5 Tips for Moving Plants

What kinds of things should you consider when moving plants to a new home?
What kinds of things should you consider when moving plants to a new home?
Manchan/Photodisc/Getty Images

Plants seem amenable enough. They barely move and they certainly don't audibly complain about anything. But they're actually very sensitive beings. And they will get as upset as your cat or dog about moving to a new locale -- especially when moving involves spending a lot of time in a vehicle that's not temperature controlled.

What kinds of things should you consider when moving plants? First of all, you may not be able to bring the plant at all if it's outlawed in your new area. And if your plant is legal to make the move, you need to keep it moist and make sure the temperature of the vehicle is reasonable. What else should you do to make your plant's trip a comfortable one?

Check the Laws on Moving Plants

Believe it or not, if you're moving to another state, federal and state laws may prohibit you from bringing a certain type of plant with you. In certain areas, plants may have to be quarantined or inspected to be certified that they are pest-free. Some states prohibit bringing any plants into the state. If you find yourself in a situation where you can't bring your plants with you to your new home, you'll have to give them up. You can give them to a friend or donate them to a willing institution. Or, you can even sell them. People have been known to buy plants off CraigsList.

Don't Expect Movers to Water Your Plants

If your plants are acceptable where you're moving, then you can let the movers move them. Professional moving companies are usually willing to move houseplants. But don't expect professional moving personnel to water your plants or give them any special care. They'll just pile them into the truck and leave them be. So, if you're moving a long distance and will be on the road for a long time, you might want to put the plants in your own vehicle. You can look after the plants, making sure they're kept upright and remain in a relatively temperature-controlled vehicle. More about that on the next page.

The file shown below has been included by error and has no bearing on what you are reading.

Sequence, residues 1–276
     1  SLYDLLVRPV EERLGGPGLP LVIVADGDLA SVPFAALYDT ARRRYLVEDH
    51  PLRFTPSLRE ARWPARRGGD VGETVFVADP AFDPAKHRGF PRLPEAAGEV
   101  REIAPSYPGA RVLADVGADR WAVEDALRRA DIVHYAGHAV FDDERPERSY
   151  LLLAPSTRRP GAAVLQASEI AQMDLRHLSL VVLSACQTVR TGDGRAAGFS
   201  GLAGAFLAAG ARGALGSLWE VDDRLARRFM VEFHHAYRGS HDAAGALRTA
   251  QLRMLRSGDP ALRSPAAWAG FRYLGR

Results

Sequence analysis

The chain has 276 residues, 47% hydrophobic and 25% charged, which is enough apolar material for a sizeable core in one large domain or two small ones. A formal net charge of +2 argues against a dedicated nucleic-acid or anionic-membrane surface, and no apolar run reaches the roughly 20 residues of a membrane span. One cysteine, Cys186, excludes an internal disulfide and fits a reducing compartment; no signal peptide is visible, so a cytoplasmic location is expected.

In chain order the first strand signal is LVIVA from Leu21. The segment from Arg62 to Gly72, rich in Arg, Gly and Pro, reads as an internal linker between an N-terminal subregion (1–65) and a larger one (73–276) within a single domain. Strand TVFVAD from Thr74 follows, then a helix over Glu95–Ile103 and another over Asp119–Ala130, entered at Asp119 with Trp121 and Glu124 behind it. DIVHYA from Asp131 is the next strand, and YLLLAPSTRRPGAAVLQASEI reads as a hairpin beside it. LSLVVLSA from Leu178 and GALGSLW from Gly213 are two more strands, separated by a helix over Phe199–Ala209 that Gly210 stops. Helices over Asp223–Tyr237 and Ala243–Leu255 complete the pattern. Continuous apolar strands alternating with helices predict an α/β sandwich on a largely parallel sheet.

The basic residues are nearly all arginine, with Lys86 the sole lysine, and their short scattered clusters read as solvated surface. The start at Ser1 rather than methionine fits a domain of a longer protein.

Control the Temperature

Most indoor houseplants cannot survive in temperatures below 30 degrees Fahrenheit (minus 1.1 degrees Celsius or higher than 100 degrees Fahrenheit (37.7 degrees Celsius) for more than an hour, particularly if they are not wrapped. So if you are moving a long distance, pack plants in cartons and try to make sure they are moved in a heated vehicle and are not left in an unheated car or moving van overnight. That may mean you need to take the plants into the hotel room with your overnight if you're making a long car ride to get to your new home.

Prepare the Plants for Transport

Make sure plants are moist when they are packed for moving. They can usually survive for about 10 days without water. So you probably won't need to worry about watering them during the trip. If your plants are in ceramic or clay pots, those are heavy to carry and they're also breakable. So, it's a good idea to transplant your plants to plastic pots before the move. But even just moving them from one pot to another can be traumatic. So do this a couple of weeks before your move. That way the plant will get used to its new pot before it's put on the road.

Take Cuttings from Plants You Leave Behind

If you can't move your plants because of space limitations, quirky laws or simply because you don't think they'll survive the trip, then consider taking cuttings from a few of your favorite plants with you. This is an especially nice thing to do with the plants in your yard that you don't want to dig out of the ground. To ensure sound transport, you can keep the cuttings in a plastic bag with damp vermiculite or peat moss. When you get to your new place, simply plant the cuttings in a new pot or in the yard.


5 Things You Should Do Before You Move Abroad

5 Things You Should Do Before You Move Abroad

There are some things you should do before you move abroad. Check out these 5 things you should do before you move abroad.

Related HowStuffWorks Articles